This post may contain affiliate links to products or services which, if you purchase, may result in my earning commissions at no additional cost to you.


Written by Dr. Beau B Hightower

Migraine headaches are a cultural phenomenon that exceeds the normal reaches of media and cultural influence and seeps into the medical arena. If you ask an average person that is  experiencing a “severe” headache they will tell you that they are having migraine headaches. Even family doctors and interns have a difficult time explaining what exactly differentiates a migraine headache from other types of headaches. Today we are going to discuss a common, yet poorly recognized type of headache that is beginning to make more and more noise in the media and in medical circles. This type of headache is called the “cervicogenic headache” which literally means that it originates in the cervical spine or neck.

The nerve that provides sensation to the skin and scalp of the human head is called the trigeminal nerve and transmits information to the brain via a nucleus in the spinal cord called the trigeminal nucleus. An anatomical “trick” in the body, the nerves from the upper 3 vertebrae in the neck share the same nucleus, which in layman’s terms means that our brains have a difficult time differentiating where pain is coming from in these regions. Much in the same way that heart attacks refer pain along the left arm, dysfunction and pain in the upper neck often refers pain into the skull and forehead. Contributing to the medical confusion is the fact that both cervicogenic and true migraines typically affect only one side of the head at a time

Patients that experience neck pain on the same side as their headache will often experience tightness from the upper cervical neck muscles which can reproduce the sensation of unilateral headache. This over activity in upper cervical spine muscles  will often lead to restricted range of motion in rotation, which makes it difficult to turn the head to one side or sometimes both. Headaches of cervicogenic nature typically cause pain at the base of the skull and pain on the temple or around the eye.


 These headaches are often misdiagnosed as migraines which means that your doctors may prescribe medications for the wrong type of headache. True migraines are often associated with numerous autoimmune neurological conditions or hormonal changes. These headaches are now thought to be of neurogenic origin, meaning they come from inside the brain. The brain itself does not contain pain fibers and this is why patients can be kept conscious during brain surgery operations. Commonly, it was thought that the blood vessels in the brain caused pain due to expansion and retraction, but new research is showing that this may not be the case.

An important finding concerning cervicogenic headaches, is that they can be reproduced by a clinician  pressing manually on the upper cervical spine, especially the transverse process of C1 and C2. If you press on your lateral upper neck, and can feel pain similar to your headache, the headaches is more than likely coming from your neck itself.


Upper crossed syndrome, is a condition in which our lifestyles cause an imbalance in the musculature in the shoulders and neck. The patient becomes weak in the rhomboids and lower trapezius muscles (the muscles between the shoulder blades) and feel as if they have a difficult time sitting up straight. As a result, the levator scapulae muscle is forced to hold the head upright and becomes thicker and fibrous and causes sharp pain at the superior and medial portion of the shoulder blade. This muscle attaches from the shoulder blade to the lateral upper three bones of the neck causing pressure at both attachments. The upper attachment point is the location that refers pain into the head and is the primary cause of cervicogenic headaches. Fascial connections exist between the suboccipital muscles and upper cervical dura, which attaches to the cranial fossa and C2 vertebra.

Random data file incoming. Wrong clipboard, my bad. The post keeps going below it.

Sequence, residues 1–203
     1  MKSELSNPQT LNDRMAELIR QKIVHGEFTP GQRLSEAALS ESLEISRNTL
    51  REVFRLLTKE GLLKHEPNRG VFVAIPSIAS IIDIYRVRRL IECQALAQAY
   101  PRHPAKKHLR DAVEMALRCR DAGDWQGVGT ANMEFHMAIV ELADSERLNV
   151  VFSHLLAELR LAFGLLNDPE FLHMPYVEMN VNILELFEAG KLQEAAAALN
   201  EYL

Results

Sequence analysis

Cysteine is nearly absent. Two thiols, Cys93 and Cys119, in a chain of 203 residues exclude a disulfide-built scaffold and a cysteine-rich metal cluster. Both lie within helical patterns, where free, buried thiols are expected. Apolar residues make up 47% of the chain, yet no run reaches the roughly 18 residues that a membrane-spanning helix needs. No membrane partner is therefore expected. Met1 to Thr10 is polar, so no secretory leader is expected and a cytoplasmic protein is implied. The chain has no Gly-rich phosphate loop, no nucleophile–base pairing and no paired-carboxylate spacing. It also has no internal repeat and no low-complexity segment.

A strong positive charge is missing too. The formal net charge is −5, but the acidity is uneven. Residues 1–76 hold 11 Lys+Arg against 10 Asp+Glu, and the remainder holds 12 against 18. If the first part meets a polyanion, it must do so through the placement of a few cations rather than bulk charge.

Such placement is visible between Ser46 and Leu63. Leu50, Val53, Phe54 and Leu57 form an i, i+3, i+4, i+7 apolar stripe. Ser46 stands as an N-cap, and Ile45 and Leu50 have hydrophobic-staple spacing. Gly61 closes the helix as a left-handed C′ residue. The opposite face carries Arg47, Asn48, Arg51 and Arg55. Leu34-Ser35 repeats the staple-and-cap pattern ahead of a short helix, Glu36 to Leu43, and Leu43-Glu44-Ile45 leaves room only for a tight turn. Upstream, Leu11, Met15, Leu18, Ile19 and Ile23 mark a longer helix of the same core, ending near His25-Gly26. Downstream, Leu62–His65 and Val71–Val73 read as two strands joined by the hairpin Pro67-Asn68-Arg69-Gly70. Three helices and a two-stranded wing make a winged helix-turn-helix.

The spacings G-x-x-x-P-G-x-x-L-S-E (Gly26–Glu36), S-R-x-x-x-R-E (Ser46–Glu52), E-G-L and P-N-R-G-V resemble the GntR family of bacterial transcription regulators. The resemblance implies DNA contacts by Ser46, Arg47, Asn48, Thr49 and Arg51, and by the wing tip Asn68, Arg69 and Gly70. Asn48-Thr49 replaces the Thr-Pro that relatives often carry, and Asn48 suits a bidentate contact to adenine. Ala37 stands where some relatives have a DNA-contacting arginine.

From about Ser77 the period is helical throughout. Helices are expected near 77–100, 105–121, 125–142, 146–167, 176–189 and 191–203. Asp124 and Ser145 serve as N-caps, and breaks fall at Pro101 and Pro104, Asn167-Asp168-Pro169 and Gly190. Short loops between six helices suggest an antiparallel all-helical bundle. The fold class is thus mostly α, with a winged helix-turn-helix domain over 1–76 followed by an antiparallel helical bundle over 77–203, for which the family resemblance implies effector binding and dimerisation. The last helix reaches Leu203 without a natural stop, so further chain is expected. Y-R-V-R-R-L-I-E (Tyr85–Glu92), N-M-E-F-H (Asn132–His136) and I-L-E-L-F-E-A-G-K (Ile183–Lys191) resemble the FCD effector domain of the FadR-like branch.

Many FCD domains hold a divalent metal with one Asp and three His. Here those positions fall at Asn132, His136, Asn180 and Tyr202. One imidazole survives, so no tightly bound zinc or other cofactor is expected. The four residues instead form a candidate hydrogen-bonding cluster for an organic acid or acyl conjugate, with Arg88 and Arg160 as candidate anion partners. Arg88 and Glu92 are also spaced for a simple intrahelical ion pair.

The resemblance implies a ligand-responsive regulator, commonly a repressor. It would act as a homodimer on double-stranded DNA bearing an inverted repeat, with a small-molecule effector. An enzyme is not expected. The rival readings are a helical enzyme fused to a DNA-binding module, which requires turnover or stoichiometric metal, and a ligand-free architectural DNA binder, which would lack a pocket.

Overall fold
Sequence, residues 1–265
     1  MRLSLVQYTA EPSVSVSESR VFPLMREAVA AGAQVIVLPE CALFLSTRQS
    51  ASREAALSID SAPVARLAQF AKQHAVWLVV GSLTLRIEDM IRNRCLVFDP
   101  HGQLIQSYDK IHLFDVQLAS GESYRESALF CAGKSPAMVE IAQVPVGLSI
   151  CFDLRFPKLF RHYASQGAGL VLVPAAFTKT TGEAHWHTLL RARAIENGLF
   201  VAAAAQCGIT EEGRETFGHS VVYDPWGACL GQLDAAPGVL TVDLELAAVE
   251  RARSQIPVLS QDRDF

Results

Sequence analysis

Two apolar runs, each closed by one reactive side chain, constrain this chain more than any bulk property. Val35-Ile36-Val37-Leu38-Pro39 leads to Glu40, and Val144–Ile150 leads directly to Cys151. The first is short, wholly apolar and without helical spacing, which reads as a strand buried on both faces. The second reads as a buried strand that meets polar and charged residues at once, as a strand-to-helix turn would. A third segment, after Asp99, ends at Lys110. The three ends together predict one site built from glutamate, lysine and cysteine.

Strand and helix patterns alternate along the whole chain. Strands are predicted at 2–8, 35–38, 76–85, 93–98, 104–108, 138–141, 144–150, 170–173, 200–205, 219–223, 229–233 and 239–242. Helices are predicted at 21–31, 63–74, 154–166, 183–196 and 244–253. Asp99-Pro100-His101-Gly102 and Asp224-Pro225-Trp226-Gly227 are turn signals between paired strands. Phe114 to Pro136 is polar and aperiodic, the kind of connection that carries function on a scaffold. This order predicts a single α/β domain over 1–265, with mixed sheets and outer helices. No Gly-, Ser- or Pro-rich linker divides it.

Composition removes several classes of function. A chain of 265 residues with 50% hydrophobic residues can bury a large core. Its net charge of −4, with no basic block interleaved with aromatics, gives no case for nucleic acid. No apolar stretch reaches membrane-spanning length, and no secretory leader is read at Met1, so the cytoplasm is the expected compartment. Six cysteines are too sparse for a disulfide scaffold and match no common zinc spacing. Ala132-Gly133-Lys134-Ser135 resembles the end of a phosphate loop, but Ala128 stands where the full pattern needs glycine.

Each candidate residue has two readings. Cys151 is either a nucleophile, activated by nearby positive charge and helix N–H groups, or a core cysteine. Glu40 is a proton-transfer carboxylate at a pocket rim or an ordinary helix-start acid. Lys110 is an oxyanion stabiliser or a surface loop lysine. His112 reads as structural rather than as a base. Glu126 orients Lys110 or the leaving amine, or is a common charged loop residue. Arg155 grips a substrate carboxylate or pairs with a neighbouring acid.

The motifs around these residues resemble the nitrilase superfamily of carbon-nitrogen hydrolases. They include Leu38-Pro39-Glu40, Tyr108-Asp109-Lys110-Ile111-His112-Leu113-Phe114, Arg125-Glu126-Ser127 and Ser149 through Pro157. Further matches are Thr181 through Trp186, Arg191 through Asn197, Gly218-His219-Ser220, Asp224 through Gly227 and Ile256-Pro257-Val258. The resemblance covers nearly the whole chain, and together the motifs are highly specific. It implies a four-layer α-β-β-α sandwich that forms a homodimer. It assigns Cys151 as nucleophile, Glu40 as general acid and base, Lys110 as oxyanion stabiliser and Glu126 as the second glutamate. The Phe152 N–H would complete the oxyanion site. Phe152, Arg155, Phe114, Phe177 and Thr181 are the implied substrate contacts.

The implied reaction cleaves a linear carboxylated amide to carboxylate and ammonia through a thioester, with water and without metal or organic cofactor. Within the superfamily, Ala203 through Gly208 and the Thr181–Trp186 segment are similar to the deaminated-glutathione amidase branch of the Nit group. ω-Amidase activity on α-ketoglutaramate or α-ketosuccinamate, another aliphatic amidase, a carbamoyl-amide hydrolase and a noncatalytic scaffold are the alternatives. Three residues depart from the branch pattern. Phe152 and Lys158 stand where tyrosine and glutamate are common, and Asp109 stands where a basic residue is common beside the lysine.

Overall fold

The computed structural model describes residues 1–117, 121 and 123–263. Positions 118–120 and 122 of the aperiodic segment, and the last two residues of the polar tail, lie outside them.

The most common ways to begin to correct these types of headaches is to consult with your local musculoskeletal expert who is familiar with Janda’s Movement Dysfunctions and to ask them which specific exercises can be done to correct this chronic presentation. Strengthening of the middle back muscles, and stretching/inhibition of the overactive muscles in the neck and chest will make dramatic changes, and self myofascial release using devices such as the myofascial stick on the lateral upper cervical musculature can relieve and even cure these types of headaches.

Finally, we need to discuss “Red Flag” presentations of headaches that would require immediate visits to a medical physician.

Red flag symptoms requiring further medical evaluation include:

~Headaches that are getting worse over time
~Sudden onset of severe headache
~Headaches associated with high fever, stiff neck, or rash
~Onset of headache after head injury
~Problems with vision or profound dizziness

For the millions of headache sufferers out there, there is hope in the fact that you may not actually have migraine headaches and there is a simple solution to cure your headache. Sometimes pain in the head can also be a big pain in the neck (literally).

Disclaimer: This article is for educational purposes only. If you have a medical condition, it is prudent that you seek medical evaluation by a properly qualified and licensed practitioner.




Dr. Beau Hightower is a former collegiate athlete and avid fight fan. He serves as the President of Elite Ortho-Therapy and Sports Medicine LLC, the premier sports injury resolution center in New Mexico. He serves on the Board of Directors for Parker University and their Alumni Association.